White fragility is a serious problem here. Until White Madison is ready to value equity as much as they do their comfort, we’re going to have a serious problem getting people to dive deeper into how they contribute to–and benefit from–institutional racism. Everyone wants to believe they are a good person, but until you are willing to stop and lean further into discomfort, you’re not going to begin to see where you might be part of the problem. One of my favorite Einstein quotes touches on this: “No problem can be solved from the same level of consciousness that created it.”

What are your top three priorities at this point in your life?

Health – Without this, it’s hard to have anything else.
Happiness – Balancing my activism with my self-care will always be a work-in-progress.
Purpose – Simply put: Where can I do the most good? A few years back, one of the therapists who writes for us sited something that I’ve often gone back to. She wrote, “Seligman has found that the most satisfied people are those whose focus is to build a life that is engaged and meaningful, with only secondary focus on fostering positive emotion and pleasure.”

What does the term QPOC mean and why is it needed?

QPOC stands for Queer People of Color. It’s a unifying term for all LGBTQ people of color. It is essential to help create a space within the community for connecting and lifting up voices that have historically been marginalized within the LGBTQ alphabet soup. Having a way to identify yourself as belonging to a group with others who can relate to your unique lived experience can be a vital source of community and support.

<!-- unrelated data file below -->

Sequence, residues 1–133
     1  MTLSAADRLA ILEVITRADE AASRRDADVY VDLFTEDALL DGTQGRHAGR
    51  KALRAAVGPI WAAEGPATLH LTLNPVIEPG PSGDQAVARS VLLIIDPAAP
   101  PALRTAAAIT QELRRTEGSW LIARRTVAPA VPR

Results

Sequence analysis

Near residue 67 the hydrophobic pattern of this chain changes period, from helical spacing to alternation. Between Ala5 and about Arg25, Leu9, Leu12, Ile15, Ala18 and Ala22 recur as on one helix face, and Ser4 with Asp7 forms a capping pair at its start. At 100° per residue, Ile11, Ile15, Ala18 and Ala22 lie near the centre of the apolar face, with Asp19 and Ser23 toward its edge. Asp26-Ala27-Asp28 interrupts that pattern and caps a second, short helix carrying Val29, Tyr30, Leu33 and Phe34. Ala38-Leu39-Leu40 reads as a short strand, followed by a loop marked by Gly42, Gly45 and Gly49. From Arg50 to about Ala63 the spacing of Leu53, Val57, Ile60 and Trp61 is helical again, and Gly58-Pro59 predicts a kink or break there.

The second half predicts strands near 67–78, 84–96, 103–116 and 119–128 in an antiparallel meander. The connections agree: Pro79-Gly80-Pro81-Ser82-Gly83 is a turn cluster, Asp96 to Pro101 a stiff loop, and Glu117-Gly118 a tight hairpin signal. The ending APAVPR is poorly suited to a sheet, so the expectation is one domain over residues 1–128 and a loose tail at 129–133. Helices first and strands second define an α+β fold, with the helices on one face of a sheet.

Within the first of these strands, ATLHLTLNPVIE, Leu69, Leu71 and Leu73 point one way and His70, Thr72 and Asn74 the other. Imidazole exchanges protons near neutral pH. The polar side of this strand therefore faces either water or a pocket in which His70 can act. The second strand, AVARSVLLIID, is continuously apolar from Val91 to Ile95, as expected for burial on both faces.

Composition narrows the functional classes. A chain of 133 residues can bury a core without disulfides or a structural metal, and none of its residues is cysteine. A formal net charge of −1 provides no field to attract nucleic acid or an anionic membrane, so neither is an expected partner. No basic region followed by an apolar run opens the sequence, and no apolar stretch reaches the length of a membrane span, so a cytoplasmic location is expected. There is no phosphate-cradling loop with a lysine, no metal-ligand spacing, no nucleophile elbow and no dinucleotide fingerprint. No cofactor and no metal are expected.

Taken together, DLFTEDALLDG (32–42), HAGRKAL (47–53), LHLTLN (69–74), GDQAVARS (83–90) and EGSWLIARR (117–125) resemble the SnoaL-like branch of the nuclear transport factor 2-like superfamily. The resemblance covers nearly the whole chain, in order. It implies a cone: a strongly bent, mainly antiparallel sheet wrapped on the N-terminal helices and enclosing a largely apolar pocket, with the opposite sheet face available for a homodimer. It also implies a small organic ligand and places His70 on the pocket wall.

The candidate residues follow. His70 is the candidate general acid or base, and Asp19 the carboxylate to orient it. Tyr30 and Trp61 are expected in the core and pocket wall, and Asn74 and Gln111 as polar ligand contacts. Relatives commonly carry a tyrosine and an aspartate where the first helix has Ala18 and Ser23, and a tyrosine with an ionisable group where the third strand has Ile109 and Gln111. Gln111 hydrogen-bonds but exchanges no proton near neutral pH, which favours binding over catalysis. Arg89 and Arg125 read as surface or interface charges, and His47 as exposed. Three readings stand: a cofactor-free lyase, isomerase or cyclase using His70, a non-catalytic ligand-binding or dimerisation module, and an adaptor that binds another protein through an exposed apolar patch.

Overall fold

What are some of the obstacles you face having a magazine focused on the LGBTQ community?

There are two big boxes I can group obstacles into: Internal & External. Internally it can be a challenge uniting the LGBTQ alphabet because the lived experience of each of those alphabet letters is incredibly unique and intersects with race, class, and ability. Our diversity is one of our biggest assets, but it can also be a barrier at times. Each identity experiences minority stress differently. It’s important to us to do this work with extreme care, as to not risk any harm to an often-wounded community. Externally it’s still a challenge to be on the front lines of all the anti-LGBTQ sentiment that there is out there. Our Lives is too easy to anonymously target. A few years ago I had a death threat mailed to me. I’ve received a fairly steady amount of hate mail from around the state. Our sidewalk boxes downtown are targeted and vandalized regularly, or our dropped copies are altered to make the magazine more difficult to find and pick up. Just a few weeks ago I arrived at our office to find a photocopy of a pro-Trump magazine article stuck to our office door. As progressive as Madison likes to think of itself, you only have to travel a few miles out of the city before finding anything ranging from discomfort to aggressive discrimination.